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By Emie George, YOLA at HOLA Music Coordinator
NOVEMBER 10- BEVERLY HILLS, CA: HOLA holds their annual Holiday of the Heart event on November 10, at the Beverly Wilshire Hotel in Beverly Hills, California. (Photo by Adam Pantozzi/HOLA via Bernstein Associates, Inc.)

Emie George, YOLA at HOLA coordinator

Hi Everyone! There is so much happening over in the music department. For one, our students have had the opportunity to apply to a national festival organized by Take a Stand. To give some context, the National Take a Stand Festival is a three-year project that began in 2015 with the creation of an International Teaching Faculty, who will serve as master teachers at two regional youth orchestra camps in 2016, culminating in a 7-day national youth orchestra camp in 2017, featuring a final performance led by LA Phil Music Director Gustavo Dudamel. Throughout this project, world-renowned conductors, guest artists, and master teachers will bring their artistry and mentorship to students from communities across the United States who have been learning in El Sistema-inspired programs.

Students over the age of twelve were invited to apply for Take a Stand’s youth orchestra festival in Colorado this summer. For many of our 15 students who completed the rigorous application process, this was the first time they had the opportunity to audition for an opportunity like this.  If selected, students become an ambassador for YOLA at HOLA, travel out of the state, and experience some of the world’s finest learning institutions and concert venues. In order to apply, they had to submit videos of them playing their instrument and talking about YOLA at HOLA, their strengths, and the areas they want to improve. While we do not know how many students will be accepted, this was an amazing opportunity for all of our students who applied. They worked really hard and challenged themselves. It was great experience for them to learn the process of auditioning and to improve their musical skills as well as learn how to present themselves. One 9th grader, Allison Galindo, said filming herself playing was “nerve-wracking at first but once I got the hang of it, it was a cool experience.” The panel of teaching artists for Take a Stand is currently reviewing the applications, and will make decisions sometime in March. Whether or not our students get in, YOLA at HOLA staff and teachers are so proud of all the students who applied!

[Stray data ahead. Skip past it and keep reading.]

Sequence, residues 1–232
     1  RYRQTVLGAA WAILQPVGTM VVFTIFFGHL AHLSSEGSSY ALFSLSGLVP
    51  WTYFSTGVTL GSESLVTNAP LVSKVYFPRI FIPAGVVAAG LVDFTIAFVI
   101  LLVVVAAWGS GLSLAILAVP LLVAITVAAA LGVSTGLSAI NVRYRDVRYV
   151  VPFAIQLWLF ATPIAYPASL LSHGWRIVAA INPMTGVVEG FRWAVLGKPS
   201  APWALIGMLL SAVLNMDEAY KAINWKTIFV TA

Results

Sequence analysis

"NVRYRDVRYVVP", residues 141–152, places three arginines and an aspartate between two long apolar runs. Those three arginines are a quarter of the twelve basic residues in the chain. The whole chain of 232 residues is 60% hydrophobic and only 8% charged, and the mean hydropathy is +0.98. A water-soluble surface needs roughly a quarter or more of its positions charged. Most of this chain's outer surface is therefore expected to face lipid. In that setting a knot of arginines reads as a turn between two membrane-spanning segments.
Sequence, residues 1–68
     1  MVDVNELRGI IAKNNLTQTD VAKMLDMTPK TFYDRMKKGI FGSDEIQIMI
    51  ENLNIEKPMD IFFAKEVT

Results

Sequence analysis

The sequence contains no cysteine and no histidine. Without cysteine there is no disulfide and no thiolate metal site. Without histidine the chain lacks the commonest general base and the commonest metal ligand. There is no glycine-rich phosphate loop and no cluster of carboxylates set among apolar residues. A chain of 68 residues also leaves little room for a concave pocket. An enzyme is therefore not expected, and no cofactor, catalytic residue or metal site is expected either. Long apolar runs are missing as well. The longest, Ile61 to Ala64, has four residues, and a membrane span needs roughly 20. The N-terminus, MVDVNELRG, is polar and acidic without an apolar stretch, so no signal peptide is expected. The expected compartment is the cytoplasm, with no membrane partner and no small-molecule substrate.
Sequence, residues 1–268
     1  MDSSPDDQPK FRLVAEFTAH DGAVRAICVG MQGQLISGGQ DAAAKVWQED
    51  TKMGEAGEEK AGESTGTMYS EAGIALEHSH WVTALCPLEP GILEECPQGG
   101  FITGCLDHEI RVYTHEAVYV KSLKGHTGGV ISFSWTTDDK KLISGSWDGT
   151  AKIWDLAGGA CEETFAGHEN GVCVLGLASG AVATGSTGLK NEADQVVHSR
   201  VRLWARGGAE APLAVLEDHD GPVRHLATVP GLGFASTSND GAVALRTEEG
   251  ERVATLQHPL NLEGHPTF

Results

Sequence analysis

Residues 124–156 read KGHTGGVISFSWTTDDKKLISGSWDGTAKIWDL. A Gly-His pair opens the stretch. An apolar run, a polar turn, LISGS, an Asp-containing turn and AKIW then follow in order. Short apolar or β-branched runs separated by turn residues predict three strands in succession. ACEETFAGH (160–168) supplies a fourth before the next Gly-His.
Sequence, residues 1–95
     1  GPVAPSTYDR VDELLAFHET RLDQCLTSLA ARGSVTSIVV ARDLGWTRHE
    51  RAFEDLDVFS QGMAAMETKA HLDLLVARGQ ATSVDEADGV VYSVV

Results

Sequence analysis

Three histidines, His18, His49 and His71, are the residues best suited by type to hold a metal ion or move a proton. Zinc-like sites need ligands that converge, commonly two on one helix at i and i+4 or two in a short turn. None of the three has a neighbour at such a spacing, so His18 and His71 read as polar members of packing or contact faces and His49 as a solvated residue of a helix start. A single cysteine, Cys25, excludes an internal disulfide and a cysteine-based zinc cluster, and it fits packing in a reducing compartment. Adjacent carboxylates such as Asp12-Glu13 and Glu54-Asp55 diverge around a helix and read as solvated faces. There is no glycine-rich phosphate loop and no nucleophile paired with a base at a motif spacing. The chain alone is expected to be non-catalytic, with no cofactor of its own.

For Lisa, switching to the flute helped her stay committed to music.

We are also very proud of our five students who switched instruments recently. Last semester, we had a few students who were losing some of their focus and engagement with music. We took time to speak with them and figure out how to move forward, recognizing that this program is not for everyone. Through some of those discussions, it came out that they wanted to try a different instrument. We switched 5 students to new instruments and the results have been really amazing.  The students have come alive on their new instruments, are coming in extra hours to practice, and are so excited about the program. Ninth grader Lisa had been on the verge of quitting YOLA at HOLA due to the long commute from her high school in East Los Angeles and her lack of engagement in the cello class. When Lisa expressed interest in switching from the cello to the flute, we listened. We were happy to see her so excited about the opportunity to play flute, so we made it happen. Now, she says her knowledge of cello has actually helped her with the fingerings on flute.

Enrique seeing his new bass for the first time! A very very exciting moment.

When talking about her new wind instrument teammates, Lisa says “they’re fun to be around and they’re helpful when I’m struggling,” which helps make YOLA at HOLA more fun for her. Instead of quitting, Lisa now stays an hour extra on Saturdays to receive some 1-on-1 instruction from Monique Van Willingh, our Music Director who also happens to be an incredibly talented flutist. Enrique, a 6th grader at YOLA at HOLA, is another example. As a middle schooler, he was feeling lack of excitement about music and was losing steam with the program. When we had him sit in on the beginning bass class to see if he was interested, he got so excited that we knew we had to make it work. We actually had to track down a quarter-size bass just for him, but we made it happen because we care about Enrique and want to help keep our kids in this program! These transformations, and our students’ renewed excitement in music helps reaffirm how our process for helping students choose instruments is essential to our program.

We are so excited for these students and are glad that our teachers and staff could help set them up for success by finding the right instrument for them!


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